Heroes Return Blog – Stories from Second World War veterans’ trips

Far East POW inspires UK Lottery campaign by The National Lottery Community Fund

The amazing story of 93-year-old Far East veteran Jack Jennings is the inspiration for a National Lottery TV advert and UK-wide publicity campaign launched today (Sunday, 4 March).


The Devon WWII veteran recently made an emotional journey to re-visit old friends and memories in Thailand and Singapore thanks to a grant from the Big Lottery Fund’s Heroes Return 2 programme.

Jack served with the Suffolk Regiment, the First Battalion of the Cambridgeshire Regiment, and was fighting a fierce last stand in Singapore when it eventually fell to the Japanese in February 1942. 

Jack explains: “After the surrender had been signed we had to just wait for the Japanese to come and collect us. 500 of us were rounded up and taken to sit in a tennis court at the back of a large house. We had to sit there for five days, in the full sun, with water only occasionally and just biscuits thrown over the fences for food.  

We were then moved and put into Changi prisoner of war camp – worn out, tired and starving. The camp was packed by the time our company had arrived, so we had to settle for anything. After a meal of rice and watery soup, we felt better.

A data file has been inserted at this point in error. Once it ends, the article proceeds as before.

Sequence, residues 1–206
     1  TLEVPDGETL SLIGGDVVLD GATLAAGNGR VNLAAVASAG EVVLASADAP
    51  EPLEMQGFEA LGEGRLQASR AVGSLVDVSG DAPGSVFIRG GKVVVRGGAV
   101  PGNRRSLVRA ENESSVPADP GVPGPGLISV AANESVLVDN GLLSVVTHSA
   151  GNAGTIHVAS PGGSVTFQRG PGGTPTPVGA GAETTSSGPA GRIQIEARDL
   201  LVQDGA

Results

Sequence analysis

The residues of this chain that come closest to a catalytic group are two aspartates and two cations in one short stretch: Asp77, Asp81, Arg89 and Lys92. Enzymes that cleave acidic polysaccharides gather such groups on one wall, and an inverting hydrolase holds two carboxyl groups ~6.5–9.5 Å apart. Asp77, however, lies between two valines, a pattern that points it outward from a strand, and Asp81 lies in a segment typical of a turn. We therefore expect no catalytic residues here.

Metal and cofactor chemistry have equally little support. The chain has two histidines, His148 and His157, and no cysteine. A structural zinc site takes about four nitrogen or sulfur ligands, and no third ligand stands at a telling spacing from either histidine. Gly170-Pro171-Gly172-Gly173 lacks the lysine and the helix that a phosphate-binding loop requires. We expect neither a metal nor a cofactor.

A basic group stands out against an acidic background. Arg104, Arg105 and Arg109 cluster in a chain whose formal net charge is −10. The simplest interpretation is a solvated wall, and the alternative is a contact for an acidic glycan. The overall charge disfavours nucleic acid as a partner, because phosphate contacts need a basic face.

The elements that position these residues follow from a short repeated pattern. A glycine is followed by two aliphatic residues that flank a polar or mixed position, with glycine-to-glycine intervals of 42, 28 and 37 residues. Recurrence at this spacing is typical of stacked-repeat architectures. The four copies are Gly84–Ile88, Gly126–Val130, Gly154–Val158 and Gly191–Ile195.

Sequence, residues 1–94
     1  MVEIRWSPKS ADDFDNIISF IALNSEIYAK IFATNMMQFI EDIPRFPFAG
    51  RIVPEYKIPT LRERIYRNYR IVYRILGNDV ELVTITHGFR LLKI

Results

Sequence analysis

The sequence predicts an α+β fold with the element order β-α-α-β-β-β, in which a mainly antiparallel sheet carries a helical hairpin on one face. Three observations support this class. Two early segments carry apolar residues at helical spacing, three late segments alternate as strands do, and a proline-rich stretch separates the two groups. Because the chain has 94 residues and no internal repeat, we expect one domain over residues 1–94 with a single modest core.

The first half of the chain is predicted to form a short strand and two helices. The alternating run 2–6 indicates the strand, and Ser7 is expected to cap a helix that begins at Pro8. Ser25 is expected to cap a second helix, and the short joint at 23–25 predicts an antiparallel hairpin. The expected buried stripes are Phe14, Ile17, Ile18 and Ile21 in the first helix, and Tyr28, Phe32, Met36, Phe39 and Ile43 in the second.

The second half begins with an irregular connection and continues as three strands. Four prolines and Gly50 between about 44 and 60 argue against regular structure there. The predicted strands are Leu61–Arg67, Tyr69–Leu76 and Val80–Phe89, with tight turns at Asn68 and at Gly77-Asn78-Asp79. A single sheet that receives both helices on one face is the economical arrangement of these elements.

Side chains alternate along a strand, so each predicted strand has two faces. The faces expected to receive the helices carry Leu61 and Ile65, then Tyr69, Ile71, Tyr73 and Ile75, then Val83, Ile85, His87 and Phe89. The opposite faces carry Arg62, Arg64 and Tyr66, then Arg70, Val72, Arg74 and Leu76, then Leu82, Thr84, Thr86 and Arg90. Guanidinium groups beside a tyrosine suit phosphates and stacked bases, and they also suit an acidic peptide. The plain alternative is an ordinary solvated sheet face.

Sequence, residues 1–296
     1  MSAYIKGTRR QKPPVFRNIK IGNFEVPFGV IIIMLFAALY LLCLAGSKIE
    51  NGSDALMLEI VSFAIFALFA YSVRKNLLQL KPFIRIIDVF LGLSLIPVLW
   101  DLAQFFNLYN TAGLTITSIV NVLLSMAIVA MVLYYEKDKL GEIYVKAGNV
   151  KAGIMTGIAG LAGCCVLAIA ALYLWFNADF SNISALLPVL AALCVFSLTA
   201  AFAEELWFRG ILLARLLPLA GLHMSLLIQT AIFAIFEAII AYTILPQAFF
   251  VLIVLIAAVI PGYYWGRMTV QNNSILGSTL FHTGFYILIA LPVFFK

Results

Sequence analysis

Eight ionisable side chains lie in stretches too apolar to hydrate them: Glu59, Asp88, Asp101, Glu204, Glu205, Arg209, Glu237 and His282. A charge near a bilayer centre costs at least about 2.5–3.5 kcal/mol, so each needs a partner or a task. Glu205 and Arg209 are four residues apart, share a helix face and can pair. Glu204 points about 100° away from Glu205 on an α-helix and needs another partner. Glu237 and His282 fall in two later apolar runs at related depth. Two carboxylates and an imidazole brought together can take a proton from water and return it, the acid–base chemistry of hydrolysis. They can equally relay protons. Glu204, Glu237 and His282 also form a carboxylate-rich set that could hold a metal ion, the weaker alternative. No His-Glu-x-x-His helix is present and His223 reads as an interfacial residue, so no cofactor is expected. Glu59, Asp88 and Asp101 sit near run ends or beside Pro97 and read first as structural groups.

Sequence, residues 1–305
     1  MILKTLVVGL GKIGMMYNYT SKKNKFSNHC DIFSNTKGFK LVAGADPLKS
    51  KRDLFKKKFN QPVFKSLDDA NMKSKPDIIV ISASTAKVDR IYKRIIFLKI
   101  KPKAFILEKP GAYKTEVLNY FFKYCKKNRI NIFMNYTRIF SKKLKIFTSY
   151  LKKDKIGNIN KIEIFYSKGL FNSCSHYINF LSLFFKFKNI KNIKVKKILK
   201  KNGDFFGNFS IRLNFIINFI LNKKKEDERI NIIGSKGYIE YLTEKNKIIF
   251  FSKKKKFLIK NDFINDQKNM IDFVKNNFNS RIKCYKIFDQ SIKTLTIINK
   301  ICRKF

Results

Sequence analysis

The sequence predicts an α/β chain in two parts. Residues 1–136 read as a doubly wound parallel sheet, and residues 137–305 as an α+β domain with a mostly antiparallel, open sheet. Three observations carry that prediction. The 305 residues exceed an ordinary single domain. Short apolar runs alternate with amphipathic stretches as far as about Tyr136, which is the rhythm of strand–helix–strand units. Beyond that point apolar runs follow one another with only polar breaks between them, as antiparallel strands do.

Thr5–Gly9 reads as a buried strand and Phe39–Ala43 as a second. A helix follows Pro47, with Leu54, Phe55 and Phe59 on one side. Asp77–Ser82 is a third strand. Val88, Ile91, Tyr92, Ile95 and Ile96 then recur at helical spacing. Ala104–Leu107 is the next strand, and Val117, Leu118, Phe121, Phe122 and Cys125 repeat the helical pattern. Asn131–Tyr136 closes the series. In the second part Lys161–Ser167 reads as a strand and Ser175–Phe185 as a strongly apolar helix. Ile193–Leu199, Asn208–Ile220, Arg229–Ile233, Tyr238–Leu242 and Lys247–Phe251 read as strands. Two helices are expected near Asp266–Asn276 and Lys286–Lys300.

Jack Jennings, 93, pictured at home in Torquay (photo credit: Kevin Clifford)

Jack Jennings, 93, pictured at home in Torquay (photo credit: Kevin Clifford)

We managed to get a wash and clean up, before retiring to our hut for a well earned rest. Needless to say we slept that night whatever the discomfort was, sleeping on bamboo slats.

Our officers gave us our daily jobs and when these were finished there was time to wander around the camp to find out who had survived.

The minor injured or sick could attend sick parade, to receive whatever treatments were available. The wounded and the worst of the sick personnel were in the adjoining Roberts Hospital, but this was grossly overcrowded.

The change in diet affected many men, some with sores or upset stomachs, and others showed signs of vitamin deficiency. It was at Changi that I first saw coconut trees, but they were restricted for the Japanese. The result was a great struggle for survival and some couldn’t make it. The cemetery started at Changi, soon enlarged with three or four funerals every day.

Putting on a show

Occasionally in the evenings, when more organised, someone would give a lecture, or we would have a debate. Permission was given to make a stage and put on shows, and very soon the talented ones among us were able to form a good concert party. Musicians found instruments, or made them, to provide the accompanying music.

The result was a top class show which relieved the boredom for a while. Rumours of the progress of the war spread around at these gatherings, but at that stage it was not very cheery.

It was at Changi that I had my first birthday in captivity. Who would have thought that my birthday treat was little more than a helping of boiled rice? The day was just another boring, depressing day with only one thought: “How long were we to be kept prisoners of war, and could we, by some miracle, be freed to get out of this miserable experience?”

Jack Jennings survived the horrors of Changi prison camp (photo credit: Kevin Clifford)

Jack Jennings survived the horrors of Changi prison camp (photo credit: Kevin Clifford)